When the body of the child rotates around the reference axis by one hundred eighty degrees (180°), the tilt switches in the apparatus of the present invention generate a signal that indicates that the child has rolled over onto his or her stomach. The tilt switches send the signal to a controller. The controller receives the signal from the tilt switches and causes a radio frequency transmitter to transmit an alarm signal to a base station that is monitored by a care giver. Alternatively, the controller transmits the alarm signal to a sound alarm that is capable of causing an audio speaker to make a loud audible sound.

In either case, the care giver is thereby immediately notified that the child has rolled over onto his or her stomach. The care giver is then able to respond and turn the child over so that the child is once again lying on his or her back.

It is a primary object of the present invention to provide an apparatus and method for detecting when the body of a child has been rotated around a reference axis of rotation by one hundred eighty degrees (180°) in either direction.

It is a further object of the present invention to provide an apparatus and method for detecting a rotational motion of a child in order to immediately notify a care giver that a child has moved from a position of lying on the back to a potentially unsafe position of lying on the stomach.

It is also an object of the present invention to provide an apparatus and method for notifying a remotely located care giver that a child moved from a position of lying on the back to a potentially unsafe position of lying on the stomach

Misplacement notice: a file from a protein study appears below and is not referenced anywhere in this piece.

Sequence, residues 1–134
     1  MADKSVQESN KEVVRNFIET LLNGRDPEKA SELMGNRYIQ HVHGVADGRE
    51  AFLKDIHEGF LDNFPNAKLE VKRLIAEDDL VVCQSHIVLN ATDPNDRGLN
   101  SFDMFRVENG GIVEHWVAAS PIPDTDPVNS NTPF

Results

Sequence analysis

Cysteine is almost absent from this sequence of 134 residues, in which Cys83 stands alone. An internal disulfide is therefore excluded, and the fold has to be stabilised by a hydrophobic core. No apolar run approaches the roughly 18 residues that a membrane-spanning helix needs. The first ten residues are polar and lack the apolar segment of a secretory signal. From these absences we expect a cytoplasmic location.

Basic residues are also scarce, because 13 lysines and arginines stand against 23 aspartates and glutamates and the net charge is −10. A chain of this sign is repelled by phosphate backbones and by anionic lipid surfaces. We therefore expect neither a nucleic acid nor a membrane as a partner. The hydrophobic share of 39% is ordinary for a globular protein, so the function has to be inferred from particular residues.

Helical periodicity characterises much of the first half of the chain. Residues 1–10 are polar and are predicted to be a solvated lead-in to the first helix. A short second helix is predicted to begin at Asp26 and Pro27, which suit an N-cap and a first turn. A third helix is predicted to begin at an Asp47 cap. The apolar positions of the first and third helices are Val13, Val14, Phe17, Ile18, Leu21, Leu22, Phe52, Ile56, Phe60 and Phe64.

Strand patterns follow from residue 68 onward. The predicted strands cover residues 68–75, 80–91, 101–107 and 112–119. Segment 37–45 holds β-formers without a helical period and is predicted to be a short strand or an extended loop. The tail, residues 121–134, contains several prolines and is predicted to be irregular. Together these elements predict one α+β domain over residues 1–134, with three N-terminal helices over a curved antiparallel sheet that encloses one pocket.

It is a further object of the present invention to provide an apparatus and method for initiating the operation of physiological condition monitors whenever the present invention detects a rotational movement of a child that causes the child to move from a position of lying on the back to a potentially unsafe position of lying on the stomach.

It is also an object of the present invention to provide an apparatus and method for sending coded messages to a care giver who simultaneously monitors the status of several children to provide the care giver with information concerning the status of the position of each of the children and concerning the operational status of the apparatus.

It is also an object of the present invention to provide an apparatus and method for sending coded messages to a care giver who simultaneously monitors the status of the position of each of several children to provide the care giver with information concerning the operational status of the apparatus.

It is also an object of the present invention to provide an apparatus and method for detecting a rotational movement of an inorganic body such as a shipping crate that contains a product that must be stored and shipped in an upright position.

The foregoing has outlined rather broadly the features and technical advantages of the present invention so that those skilled in the art may better understand the detailed description of the invention that follows. Additional features and advantages of the invention will be described hereinafter that form the subject of the claims of the invention. Those skilled in the art should appreciate that they may readily use the conception and the specific embodiment disclosed as a basis for modifying or designing other structures for carrying out the same purposes of the present invention. Those skilled in the art should also realize that such equivalent constructions do not depart from the spirit and scope of the invention in its broadest form.